This Gospel radicalism proper to the consecrated life finds expression in filial communion with the Church, the home of the children of God, built by Christ: communion with her Pastors who set forth in the Lord’s name the deposit of faith received from the apostles, the ecclesial Magisterium and the Christian tradition; communion with your own religious families as you gratefully preserve their authentic spiritual patrimony while valuing other charisms; and communion with other members of the Church, such as the laity, who are called to make their own specific calling a testimony to the one Gospel of the Lord.
Finally, Gospel radicalism finds expression in the mission God has chosen to entrust to us: from the contemplative life, which welcomes into its cloisters the word of God in eloquent silence and adores his beauty in the solitude which he alone fills, to the different paths of the apostolic life, in whose furrows the seed of the Gospel bears fruit in the education of children and young people, the care of the sick and elderly, the pastoral care of families, commitment to respect for life, witness to the truth and the proclamation of peace and charity, mission work and the new evangelization, and so many other sectors of the Church’s apostolate.
Dear Sisters, this is the witness of holiness to which God is calling you, as you follow Jesus Christ closely and unconditionally in consecration, communion and mission. The Church needs your youthful fidelity, rooted and built up in Christ. Thank you for your generous, total and perpetual “yes” to the call of the Loved One. I pray that the Virgin Mary may sustain and accompany your consecrated youth, with the lively desire that it will challenge, nourish and illumine all young people.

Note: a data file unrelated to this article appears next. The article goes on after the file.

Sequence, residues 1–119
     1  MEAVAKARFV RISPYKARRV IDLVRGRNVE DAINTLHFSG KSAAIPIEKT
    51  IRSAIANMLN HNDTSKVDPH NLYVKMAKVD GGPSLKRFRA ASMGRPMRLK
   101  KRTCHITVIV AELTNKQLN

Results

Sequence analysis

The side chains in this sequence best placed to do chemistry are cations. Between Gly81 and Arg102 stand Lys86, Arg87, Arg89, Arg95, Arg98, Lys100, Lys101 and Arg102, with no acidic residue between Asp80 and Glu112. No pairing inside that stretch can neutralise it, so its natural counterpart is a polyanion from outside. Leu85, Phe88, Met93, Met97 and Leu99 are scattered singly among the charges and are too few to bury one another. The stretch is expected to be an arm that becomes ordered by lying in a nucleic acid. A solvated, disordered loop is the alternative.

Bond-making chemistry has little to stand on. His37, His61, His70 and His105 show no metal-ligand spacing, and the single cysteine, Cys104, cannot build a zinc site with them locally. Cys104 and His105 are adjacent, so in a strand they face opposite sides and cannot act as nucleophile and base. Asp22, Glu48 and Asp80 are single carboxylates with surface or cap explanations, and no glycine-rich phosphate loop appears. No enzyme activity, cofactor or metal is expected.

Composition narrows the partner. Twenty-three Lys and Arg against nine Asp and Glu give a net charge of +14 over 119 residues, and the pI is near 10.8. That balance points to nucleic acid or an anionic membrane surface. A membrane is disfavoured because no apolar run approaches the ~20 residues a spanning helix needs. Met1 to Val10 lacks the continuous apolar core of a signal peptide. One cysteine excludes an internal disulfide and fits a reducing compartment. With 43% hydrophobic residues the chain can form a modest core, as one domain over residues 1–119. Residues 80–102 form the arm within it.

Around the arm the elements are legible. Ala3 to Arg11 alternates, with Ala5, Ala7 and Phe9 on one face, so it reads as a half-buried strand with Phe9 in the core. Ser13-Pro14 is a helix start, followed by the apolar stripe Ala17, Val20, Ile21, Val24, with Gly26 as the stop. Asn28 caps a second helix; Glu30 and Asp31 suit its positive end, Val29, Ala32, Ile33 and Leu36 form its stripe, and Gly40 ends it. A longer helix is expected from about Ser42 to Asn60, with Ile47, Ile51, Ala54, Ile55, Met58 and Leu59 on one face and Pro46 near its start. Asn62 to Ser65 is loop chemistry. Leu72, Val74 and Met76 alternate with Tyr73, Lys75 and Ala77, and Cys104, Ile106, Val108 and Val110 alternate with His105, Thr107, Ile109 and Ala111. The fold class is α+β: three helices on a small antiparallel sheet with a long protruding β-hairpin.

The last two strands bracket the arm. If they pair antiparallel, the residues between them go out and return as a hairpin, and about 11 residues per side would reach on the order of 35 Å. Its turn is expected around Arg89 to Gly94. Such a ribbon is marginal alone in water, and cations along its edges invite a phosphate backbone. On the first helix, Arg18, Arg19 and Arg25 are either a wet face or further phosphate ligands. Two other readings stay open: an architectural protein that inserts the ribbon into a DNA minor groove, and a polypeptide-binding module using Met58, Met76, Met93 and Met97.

With these sentiments, I ask God to repay abundantly the generous contribution which consecrated life has made to this World Youth Day. In his name, and with great gratitude, I give you my affectionate blessing.
madrid11.com report: 200 original confessionals to prepare for this great festival of faith
An essential part on the road of faith for every Christian is the sacrament of Confession. For this reason, and specifically for World Youth Day, the Festival of Forgiveness has been organized from August 16th to 20thin the Retiro Park. The aim is to help prepare for this great festival of Faith, with the soul clean and the soul’s speedometer at zero.
200 confessionals en the Retiro park make up the Festival of Forgiveness.
For this, the WYD organization has situated 200 original confessionals along Paseo Del Duque Fernán Núñez, in the Retiro Park in the center of Madrid and which will be available for pilgrims who want to confess.
A festival for everybody
From Tuesday 16th to Saturday 20th August, hundreds of priests will be available in turns to administer the sacrament of Confession in Spanish, English, French, Italian, German, Polish, Portuguese and any other language that the confessor may master. The timetable will be Tuesday to Friday (from 10 am to 10 pm) and Saturday (from 10 am to 3 pm). The Holy Father will also go along to hear the Confession of some lucky young people.
Young people confessing in WYD Sydney.
All the confessionals will be situated in an orderly fashion in two rows in order to respect the privacy of the pilgrims. A sign will indicate the different languages in which the priest can hear Confession.
The Festival of Forgiveness will also have two confessionals specifically designed for the disabledand which will be clearly indicated. One will be for pilgrims with a hearing disability, who can confess with a priest in sign language. And the other will be especially adapted forpilgrims with a physical disability.